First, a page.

Those who were seen dancing were thought to be insane by those who could not hear the music.
Someone does something which I call “strange”, such as dancing by himself in the broad expanse of a train station. What song of freedom is blessing his sweeping arms? What’s transparent to him that’s opaque to me? Perhaps at this moment in my life, I don’t have the ears to hear the sweet melody. And that’s okay. I can still smile in the presence of a free human being.
Maybe, though, I won’t smile. Maybe I’ll conclude that there’s a drunk in front of me, swirling and twirling just before stumbling to the floor. A philosopher named Ken Wilber talked about the “pre/trans fallacy”, in which another’s behaviour appears to be deficient, even pathological. But it may in fact be something above normal, something that reaches for the stars rather than puddling in the gutter.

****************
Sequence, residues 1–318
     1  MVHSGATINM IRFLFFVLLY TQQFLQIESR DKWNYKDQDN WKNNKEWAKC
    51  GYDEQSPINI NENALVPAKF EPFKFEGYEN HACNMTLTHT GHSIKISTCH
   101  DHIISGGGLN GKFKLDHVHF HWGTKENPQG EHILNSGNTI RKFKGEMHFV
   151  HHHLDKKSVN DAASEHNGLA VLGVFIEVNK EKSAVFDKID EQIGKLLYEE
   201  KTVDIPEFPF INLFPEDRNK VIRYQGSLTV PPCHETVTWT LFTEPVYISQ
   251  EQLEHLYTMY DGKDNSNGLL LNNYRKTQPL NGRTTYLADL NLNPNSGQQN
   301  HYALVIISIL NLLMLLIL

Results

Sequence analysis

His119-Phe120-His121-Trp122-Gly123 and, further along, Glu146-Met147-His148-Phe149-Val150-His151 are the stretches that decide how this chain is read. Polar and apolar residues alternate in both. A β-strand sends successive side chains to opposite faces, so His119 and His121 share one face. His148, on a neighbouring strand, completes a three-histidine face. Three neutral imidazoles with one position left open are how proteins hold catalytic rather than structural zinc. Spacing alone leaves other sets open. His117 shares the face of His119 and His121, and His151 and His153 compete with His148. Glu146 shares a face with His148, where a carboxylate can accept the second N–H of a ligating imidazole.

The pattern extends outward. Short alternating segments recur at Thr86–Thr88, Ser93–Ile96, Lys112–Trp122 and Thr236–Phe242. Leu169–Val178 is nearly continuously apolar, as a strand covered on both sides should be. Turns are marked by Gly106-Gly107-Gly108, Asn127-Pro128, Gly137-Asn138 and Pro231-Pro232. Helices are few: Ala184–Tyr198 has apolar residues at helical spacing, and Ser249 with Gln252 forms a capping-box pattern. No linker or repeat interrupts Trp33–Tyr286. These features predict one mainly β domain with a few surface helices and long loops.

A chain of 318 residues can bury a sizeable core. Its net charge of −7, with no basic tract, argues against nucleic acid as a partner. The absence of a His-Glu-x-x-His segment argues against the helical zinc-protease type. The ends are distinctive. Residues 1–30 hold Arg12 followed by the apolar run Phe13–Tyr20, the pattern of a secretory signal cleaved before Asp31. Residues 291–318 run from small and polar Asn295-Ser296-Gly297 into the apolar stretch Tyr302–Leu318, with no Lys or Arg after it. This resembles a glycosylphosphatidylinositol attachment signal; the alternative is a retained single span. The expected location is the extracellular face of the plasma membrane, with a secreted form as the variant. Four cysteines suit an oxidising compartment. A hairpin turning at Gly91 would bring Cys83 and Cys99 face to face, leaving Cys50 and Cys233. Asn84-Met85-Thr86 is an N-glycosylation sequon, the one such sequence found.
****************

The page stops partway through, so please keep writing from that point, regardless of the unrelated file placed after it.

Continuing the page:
Could it be that some of us see connections that are invisible to others? See through a self-imposed roof to the glory of sunshine? Say “What if?” and “Why not?” rather than languishing in “the seasonless world where you shall laugh, but not all of your laughter, and weep, but not all of your tears.”
I don’t want to “regress to the mean”, as in having my life get ever closer to the mediocrity – the vanilla – of “average”. I want to fly across the dance floor, drinking in both the applause and frowns of onlookers. I want to feel the praise and blame falling off me to the floor. They’re both imposters after all. I yearn for the real thing.